Jenny Eklöf and I have been collaborating on a project during my HUMlab fellowship (2010-2012). Our study investigated how the biofuel controversy plays out in the Swedish press and Google search results. The results will be published in the journal Media, Culture & Society (mid of next year). The exact phrasing of the editor goes like this:
“It will be several issues, and certainly several months, before your piece is prepared for publication and the proofs sent on to you. Please do not contact us for a specified issue number and date until 5 months or so after this note of acceptance.”
Well, if you don’t want to wait that long please let us know and we’ll send you a copy!
That’s the abstract:
What are the conditions for the public understanding of biofuels and how do the media shape these conditions under the influence of a new production of knowledge? This article investigates how the biofuel controversy plays out in the Swedish press and Google search engine results and analyses winners and losers in the tight attention economy of contemporary media. It describes different visibility strategies biofuel stakeholders employ in both media arenas, and identifies a form of technoscientific promotion that hybrid actors use to succeed in the day-to- day struggle for media attention. To conclude, it raises broader societal questions of the contemporary blurring of knowledge boundaries and the emergence of new information hierarchies and their biases. By understanding how contemporary media shape controversies, we can address the democratic potential of both mass media and science.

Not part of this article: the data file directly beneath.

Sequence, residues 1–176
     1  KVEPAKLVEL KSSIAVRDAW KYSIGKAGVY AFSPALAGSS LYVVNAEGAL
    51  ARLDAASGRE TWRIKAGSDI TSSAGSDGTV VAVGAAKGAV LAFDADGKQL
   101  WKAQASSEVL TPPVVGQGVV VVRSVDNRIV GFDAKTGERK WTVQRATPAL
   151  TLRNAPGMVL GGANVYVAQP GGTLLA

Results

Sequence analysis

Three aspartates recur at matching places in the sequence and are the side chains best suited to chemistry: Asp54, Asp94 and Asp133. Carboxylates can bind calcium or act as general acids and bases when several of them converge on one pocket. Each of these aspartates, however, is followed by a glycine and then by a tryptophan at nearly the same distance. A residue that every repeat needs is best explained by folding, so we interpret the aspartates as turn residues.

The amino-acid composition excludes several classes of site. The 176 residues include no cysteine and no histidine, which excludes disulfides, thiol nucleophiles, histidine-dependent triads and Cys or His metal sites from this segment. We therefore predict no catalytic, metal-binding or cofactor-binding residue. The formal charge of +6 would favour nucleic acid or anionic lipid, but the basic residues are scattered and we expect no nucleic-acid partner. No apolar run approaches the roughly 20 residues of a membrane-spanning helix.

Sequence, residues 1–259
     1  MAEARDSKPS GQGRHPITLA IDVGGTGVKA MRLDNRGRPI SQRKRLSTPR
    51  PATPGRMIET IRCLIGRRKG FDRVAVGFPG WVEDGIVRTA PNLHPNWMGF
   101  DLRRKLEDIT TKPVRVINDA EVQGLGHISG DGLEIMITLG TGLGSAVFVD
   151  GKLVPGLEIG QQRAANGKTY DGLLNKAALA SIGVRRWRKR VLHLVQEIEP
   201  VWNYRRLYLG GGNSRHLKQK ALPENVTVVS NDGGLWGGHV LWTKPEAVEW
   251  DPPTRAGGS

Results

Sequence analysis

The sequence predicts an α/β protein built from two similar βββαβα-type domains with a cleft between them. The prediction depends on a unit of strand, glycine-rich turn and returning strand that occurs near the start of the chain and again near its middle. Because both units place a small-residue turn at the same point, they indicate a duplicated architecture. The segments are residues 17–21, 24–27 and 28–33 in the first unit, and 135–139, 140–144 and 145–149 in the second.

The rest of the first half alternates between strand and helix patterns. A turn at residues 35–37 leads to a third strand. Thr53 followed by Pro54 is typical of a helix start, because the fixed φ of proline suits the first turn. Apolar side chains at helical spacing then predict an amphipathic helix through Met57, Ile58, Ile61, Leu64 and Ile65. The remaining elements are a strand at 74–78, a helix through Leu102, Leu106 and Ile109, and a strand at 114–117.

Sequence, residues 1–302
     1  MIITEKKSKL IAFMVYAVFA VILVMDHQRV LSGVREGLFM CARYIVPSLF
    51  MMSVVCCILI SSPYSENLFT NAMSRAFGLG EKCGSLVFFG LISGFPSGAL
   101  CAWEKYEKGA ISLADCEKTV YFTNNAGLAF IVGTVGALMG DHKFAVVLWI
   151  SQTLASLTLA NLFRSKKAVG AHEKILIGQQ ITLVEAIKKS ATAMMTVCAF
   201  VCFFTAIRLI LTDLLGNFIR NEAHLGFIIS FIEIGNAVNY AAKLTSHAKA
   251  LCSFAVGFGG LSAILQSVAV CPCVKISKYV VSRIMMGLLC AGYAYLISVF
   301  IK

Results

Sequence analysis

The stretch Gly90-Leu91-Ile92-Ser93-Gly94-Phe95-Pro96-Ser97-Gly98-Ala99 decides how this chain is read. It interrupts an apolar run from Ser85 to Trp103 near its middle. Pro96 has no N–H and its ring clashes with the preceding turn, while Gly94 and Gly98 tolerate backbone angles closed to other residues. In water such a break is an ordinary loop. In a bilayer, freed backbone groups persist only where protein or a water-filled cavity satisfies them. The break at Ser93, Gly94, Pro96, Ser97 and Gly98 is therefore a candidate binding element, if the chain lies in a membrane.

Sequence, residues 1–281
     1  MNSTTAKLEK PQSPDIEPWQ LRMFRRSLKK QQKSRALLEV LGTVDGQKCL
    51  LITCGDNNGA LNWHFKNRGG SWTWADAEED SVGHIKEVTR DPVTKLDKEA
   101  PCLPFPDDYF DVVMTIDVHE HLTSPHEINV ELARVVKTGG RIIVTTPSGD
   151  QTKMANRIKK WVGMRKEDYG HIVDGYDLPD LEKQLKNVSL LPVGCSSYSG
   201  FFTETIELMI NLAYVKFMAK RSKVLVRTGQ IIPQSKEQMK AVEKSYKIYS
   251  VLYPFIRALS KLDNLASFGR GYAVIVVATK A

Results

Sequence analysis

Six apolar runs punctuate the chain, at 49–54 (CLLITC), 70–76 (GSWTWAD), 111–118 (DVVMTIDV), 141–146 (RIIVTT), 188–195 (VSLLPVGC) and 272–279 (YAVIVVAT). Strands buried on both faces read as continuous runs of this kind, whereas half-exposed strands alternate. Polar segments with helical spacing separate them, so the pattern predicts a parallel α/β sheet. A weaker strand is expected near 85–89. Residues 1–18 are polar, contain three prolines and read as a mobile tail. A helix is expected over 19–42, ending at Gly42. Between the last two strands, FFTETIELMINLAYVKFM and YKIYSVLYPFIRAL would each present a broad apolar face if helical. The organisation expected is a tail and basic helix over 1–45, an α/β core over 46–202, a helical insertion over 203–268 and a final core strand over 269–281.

Tomorrow I’ll be giving a seminar talk together with Jenny Eklöf from Umeå Studies in Science, Technology and Environment (USSTE). The title is “BIOFUELS IN PUBLIC SPHERES: How old and new media shape the biofuel controversy under the influence of technoscientific marketing”. All Umeå people are very welcome!!!
November 8, B 203, 13:00-14.30; Abstract:
While biofuels have been celebrated as an eco-friendly alternative to petrol with the potential to slow down climate change in the past, they have come under scrutiny due to their environmental and social impacts more recently. This seminar talk discusses our ongoing research project on the biofuel controversy in public spheres. The main research question to be addressed is how the controversy plays out in the Swedish press and in (Swedish) search engine results. Using “classical” (content analysis) and “digital” methods (search engine queries, link network analysis, issue clouds) we aim to show who the dominant actors are in both spheres, what visibility strategies they employ, and how actors from different sectors (industry, policy, academia) merge. In this analysis we specifically focus on blurring boundaries between different types of information (scientific, journalistic, activist, commercial etc.) and the way strategies of “technoscientific marketing” influence the staging of the controversy in the media and search engine results. This case study enables us to draw conclusions on how actors’ visibility strategies and different media (and their underlying mechanisms and business models) work in tandem to create blurred knowledge boundaries/ processes of information commercialization.
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